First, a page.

TAMPA, FLA. — Franklin Street Real Estate Services has closed the sales of five apartment communities in the metro Tampa area totaling more than $50 million. The five properties span roughly 950 units combined. Kevin Kelleher, Darron Kattan, Robert Goldfinger and Zachary Ames of Franklin Street brokered all five transactions. The buyers and sellers are private companies from the Tampa area and various locations throughout the U.S. The transactions included the $23.5 million sale of Harbour Cay in Largo, the $14.8 million sale of The Park at Chesterfield, the $7 million sale of University Oakwoods, the $4.3 million sale of Bayside North and the $1.9 million sale of Grove Court-Plant City, all in Tampa. All of the buyers are planning to make substantial investments to upgrade the properties.

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Five Deals, Five Days, $50M

ORLANDO—How much traction does the Tampa, FL multifamily market really have? Franklin Street just sold five apartment communities in five days for over $50 million.

Franklin senior director Kevin Kelleher, managing directors Darron Kattan and Robert Goldfinger, and director Zachary Ames brokered the multifamily deals. According to the company, all of the multifamily communities are located in close to Tampa’s major employment centers and have strong potential for rent growth and added value through capital improvements.

“The Tampa Bay multifamily sector continues to be a seller’s market, with more demand for quality apartments than supply,” Kelleher tells GlobeSt.com. “Buyers are seeking the security of multifamily as an investment vehicle. Out-of-state investors still consider Florida to be very affordable.”

In the most expensive of the five deals, the Harbour Cay community at 12001 Belcher Road in Largo changed hands for $23.5 million. Harbour Cay has 276 one and two-bedroom garden-style apartments in 17 two-story buildings. 

The Park at Chesterfield at 5309 Chalet Court in Tampa sold for $14.75 million. The 244-unit apartment complex includes two pools, a state-of-the-art fitness center, barbecue area, children’s playground and business center. The buyer intends to implement an interior and exterior renovation plan to increase rents.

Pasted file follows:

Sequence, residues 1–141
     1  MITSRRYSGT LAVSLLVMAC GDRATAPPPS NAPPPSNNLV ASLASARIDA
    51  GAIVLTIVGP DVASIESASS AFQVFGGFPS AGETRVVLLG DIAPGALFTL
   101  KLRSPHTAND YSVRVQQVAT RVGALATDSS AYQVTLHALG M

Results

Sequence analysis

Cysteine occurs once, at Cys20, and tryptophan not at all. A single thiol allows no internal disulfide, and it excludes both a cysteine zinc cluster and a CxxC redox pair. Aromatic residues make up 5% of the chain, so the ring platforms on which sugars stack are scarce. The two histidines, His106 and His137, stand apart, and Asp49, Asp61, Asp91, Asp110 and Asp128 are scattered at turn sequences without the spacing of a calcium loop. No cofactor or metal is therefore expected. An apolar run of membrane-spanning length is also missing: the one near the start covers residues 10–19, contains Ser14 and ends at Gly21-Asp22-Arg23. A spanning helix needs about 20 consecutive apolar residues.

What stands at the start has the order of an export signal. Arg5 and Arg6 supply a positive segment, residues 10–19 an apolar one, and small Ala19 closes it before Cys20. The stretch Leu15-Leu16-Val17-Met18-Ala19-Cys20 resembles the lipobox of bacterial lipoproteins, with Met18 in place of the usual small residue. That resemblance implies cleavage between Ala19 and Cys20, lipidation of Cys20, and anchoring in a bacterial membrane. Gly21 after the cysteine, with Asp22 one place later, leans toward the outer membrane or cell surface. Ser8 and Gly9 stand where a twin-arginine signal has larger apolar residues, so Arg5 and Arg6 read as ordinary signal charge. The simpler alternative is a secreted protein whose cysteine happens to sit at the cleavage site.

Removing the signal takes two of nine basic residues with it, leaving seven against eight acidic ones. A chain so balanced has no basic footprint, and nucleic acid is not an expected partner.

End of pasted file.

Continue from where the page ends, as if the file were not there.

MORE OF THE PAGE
In a bulk condo deal, 353 units at University Oakwoods were sold for nearly $7 million. Built in the 1980s, University Oakwoods is a 450-unit community at 1250 East 113th Avenue between Interstate 275 and the University of South Florida. This was a highly distressed condo that was fractured in the 1980s and the new owner intends to revert it back to 100% rental.

The 40-unit Bayside North community at 5009 South Westshore Boulevard sold for $4.3 million. Bayside North is comprised of a mix of one and two-bedroom garden-style apartments. This property was previously a fractured condo. The seller bought back the previously sold units, as the property was more valuable today as a 100% rental community.

The 46-unit Grove Court-Plant City community changed hands for $1.9 million. Located at 701 North Mobley Street in Tampa, the five-building Grove Court community was built during the late 1970s. The seller was located outside of Florida, and a local operator believed he could provide better economies of scale to improve cash flow.

“We continue to see demand exceeding supply for well-located apartments in the Tampa Bay MSA,” Kelleher says. “Pricing has certainly increased, but relative to other markets in the U.S., investors are finding value and growth potential in our market. We believe this trend will continue into 2016 despite the additional supply coming to the market.”

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Franklin Street Closes 5 Deals in 5 Days for $50M

Tampa, Fla.—The Tampa team of real estate company Franklin Street closed the sale of five Tampa-area properties in five days. Total price: $50 million.

Though geographically distributed from the Pinellas Suncoast on the west to Tampa on the east, all the multifamily communities sold are situated near the metro area’s primary job hubs. They also have substantial rent growth potential, as well as the upside potential of value added through capital improvements.

The buyers and sellers are private companies from the Tampa Bay metropolitan region as well as from across the United States.

“Our deep knowledge of the Tampa Bay market and detailed contact database made our team the clear choice for our investors,” Kevin Kelleher, senior director the company’s Tampa-based team, told MHN. “We have access to the most current market data and are able to provide that knowledge to our clients, giving them the information they need to add the most value to their portfolios.”